How have things been going so far? Things have gone well so far, although there have been some challenges along the way, and the learning curve is still quite large. Pastors and lay persons I have met have been very gracious in that regard. Thanks be to God!
What have you found to be the biggest transition from leading a local church to leading a district? Driving to the office and sitting behind a desk all day is certainly new. Not preparing a sermon each week has freed me up to do other things, but I do miss preaching. I am grateful for the invitations I have gotten to preach. Not having the fellowship of a congregation to relate to week-in and week-out is something I really miss a lot. I have enjoyed meeting people throughout the district, though, and look forward to meeting more.
What do you think makes a good District Superintendent? Good listening skills are a must – hearing what is being said – and what is not being said … I endeavor to be pastoral and also to be a strong spiritual leader, always pointing us to Christ. I desire to always be gracious, approachable and a non-anxious presence in each and every situation. When I have failed to do this, I have asked for forgiveness to those I have hurt.
What do you believe are the greatest spiritual gifts that you bring to your role as a DS? My three highest spiritual gifts are shepherding, faith, and evangelism, all of which I trust will be very useful in this role.
What are some of your goals for your superintendency? Obviously, making disciples of Jesus Christ inside and outside the church is paramount. That being said, one goal is for every pastor and congregation in the Mountain View District to be able to articulate that our mission is to make disciples of Jesus Christ for the transformation of the world, and to live the Gospel of Jesus Christ and to be God’s love with our neighbors in all places. Another goal is to do it!
I have been and will continue to challenge each congregation to go outside the walls of the church building with the love of Christ more than once or twice a year. We are already making plans to bring some small-group training events to the district to enable this disciple-making and nurturing tool to become more prevalent in and outside our churches.
What do you think makes a vital church? As I’ve said many times, without prayer, nothing! A vital church is a praying church. I have found Bishop Robert Schnase’s book, Five Practices of Fruitful Congregations an extremely helpful resource. In it, he mentions radical hospitality, passionate worship, intentional faith development, risk-taking mission and service, and extravagant generosity as signs of vital congregations. Dovetailing well with those are the eight factors in “Natural Church Development,” which are empowering leadership, gift-based ministry, passionate spirituality, effective structures, inspiring worship service, holistic small groups, and need-oriented evangelism. While those are all signs of vital congregations, I would add joy, grace, and compassion along with Acts 2:42: “They devoted themselves to the apostles’ teaching and fellowship, to the breaking of bread and the prayers.”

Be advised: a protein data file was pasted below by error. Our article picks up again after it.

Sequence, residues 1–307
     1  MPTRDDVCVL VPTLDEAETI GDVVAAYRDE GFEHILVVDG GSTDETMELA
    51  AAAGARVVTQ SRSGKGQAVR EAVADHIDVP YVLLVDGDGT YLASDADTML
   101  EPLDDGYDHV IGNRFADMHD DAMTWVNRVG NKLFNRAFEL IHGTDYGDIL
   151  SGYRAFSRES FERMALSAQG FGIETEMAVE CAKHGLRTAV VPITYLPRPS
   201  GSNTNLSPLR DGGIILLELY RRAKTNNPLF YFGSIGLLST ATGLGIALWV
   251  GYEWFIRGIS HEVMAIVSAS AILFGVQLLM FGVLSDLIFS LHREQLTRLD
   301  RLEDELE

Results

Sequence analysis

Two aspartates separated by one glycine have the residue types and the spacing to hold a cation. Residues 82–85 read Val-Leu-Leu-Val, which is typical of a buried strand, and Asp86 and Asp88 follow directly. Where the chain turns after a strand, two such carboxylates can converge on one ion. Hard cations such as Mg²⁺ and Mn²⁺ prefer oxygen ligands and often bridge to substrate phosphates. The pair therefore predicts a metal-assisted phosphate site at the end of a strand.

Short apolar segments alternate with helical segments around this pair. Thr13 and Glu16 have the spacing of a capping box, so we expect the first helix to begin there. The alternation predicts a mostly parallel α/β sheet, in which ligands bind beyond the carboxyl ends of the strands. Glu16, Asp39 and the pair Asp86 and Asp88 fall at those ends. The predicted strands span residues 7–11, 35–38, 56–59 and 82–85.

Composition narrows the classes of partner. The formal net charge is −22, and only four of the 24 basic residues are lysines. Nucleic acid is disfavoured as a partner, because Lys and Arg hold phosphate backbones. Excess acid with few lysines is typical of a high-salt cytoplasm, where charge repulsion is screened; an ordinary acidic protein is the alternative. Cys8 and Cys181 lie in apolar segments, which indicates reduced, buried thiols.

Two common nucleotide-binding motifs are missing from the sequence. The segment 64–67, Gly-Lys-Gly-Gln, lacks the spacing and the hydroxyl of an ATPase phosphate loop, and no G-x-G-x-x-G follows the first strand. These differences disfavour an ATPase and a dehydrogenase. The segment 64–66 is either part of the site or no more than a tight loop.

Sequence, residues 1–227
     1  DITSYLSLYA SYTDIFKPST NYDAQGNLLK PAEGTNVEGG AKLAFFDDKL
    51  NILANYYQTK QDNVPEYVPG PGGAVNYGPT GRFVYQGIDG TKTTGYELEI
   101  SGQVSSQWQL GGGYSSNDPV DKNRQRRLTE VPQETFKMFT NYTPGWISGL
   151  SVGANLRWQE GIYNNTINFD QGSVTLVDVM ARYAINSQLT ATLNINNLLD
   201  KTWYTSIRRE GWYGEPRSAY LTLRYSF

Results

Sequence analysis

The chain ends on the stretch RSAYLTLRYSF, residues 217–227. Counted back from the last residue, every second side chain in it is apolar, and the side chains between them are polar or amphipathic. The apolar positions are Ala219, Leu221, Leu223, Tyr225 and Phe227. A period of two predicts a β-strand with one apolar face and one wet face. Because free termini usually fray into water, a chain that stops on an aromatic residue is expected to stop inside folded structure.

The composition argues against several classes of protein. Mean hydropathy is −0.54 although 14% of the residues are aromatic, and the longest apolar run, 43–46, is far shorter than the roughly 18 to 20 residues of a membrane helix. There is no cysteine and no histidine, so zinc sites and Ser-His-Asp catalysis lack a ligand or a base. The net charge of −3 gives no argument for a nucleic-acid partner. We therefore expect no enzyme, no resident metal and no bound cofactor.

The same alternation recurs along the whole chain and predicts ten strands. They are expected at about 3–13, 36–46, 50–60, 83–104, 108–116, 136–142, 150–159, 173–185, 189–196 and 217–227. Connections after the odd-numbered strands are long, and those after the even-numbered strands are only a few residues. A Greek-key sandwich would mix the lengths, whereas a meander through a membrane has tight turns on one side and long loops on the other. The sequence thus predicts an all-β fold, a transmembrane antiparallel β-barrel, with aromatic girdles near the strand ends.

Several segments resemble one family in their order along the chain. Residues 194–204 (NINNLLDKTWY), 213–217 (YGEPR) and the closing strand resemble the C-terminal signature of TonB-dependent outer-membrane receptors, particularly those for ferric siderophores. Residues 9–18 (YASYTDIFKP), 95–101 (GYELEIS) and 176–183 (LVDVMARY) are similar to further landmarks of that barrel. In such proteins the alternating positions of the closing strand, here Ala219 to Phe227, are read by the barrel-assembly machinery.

Focusing on Christ goes without saying, but I’ll say it anyway. Making disciples of Jesus Christ of children, youth, and adults is at the core of all congregational life of a vital church.
What is the DS’s role in creating vital congregations? I can continually point us to Christ and encourage and challenge pastors and congregations to focus on being vital – not on survival. I’ve said many times that survival is not a vision! I will remind us all that we are not to make decisions out of a position of fear. I am in prayer for all in the Mountain View District, and wish to be of support in any additional ways I can.
Talk about how you first experienced a call to ministry: It was while I was a special education teacher at Candor High School full time and getting my M.S. Ed. part time at SUNY Binghamton (now Binghamton University), that I heard God calling me to ordained ministry. Several people had come to me encouraging me to pursue ordained ministry as a vocation. I was able to ignore these comments when they first began to surface. Lay speaking and other affirming experiences later brought the comments to mind, but I still did not take them seriously. The “gnawing” in my heart wouldn’t go away. I felt like if I didn’t share, I was going to burst … . As I said, I went to Lay Speakers’ training and had some opportunities to engage in music ministry, but the gnawing persisted. The comments soon started coming in greater number, with greater frequency, and with greater intensity. I then began to nervously contemplate my blindness to what others saw in me. I could ignore this possibility no longer, and began candidacy studies. Like Jonah, I found that it is futile to try to run from God’s call… The minute I decided to go to seminary, the gnawing was replaced with peace…
What do I like to do for fun? I enjoy playing guitar and piano. I have taken classical guitar lessons for years, and would like to begin again. I also enjoy going out to eat with friends, which doesn’t happen as often as I’d like.
What is your favorite place to eat while on the road or a new favorite place (given that you will be/have been recently traveling a lot more)? I don’t really have one yet. I’m open to suggestions!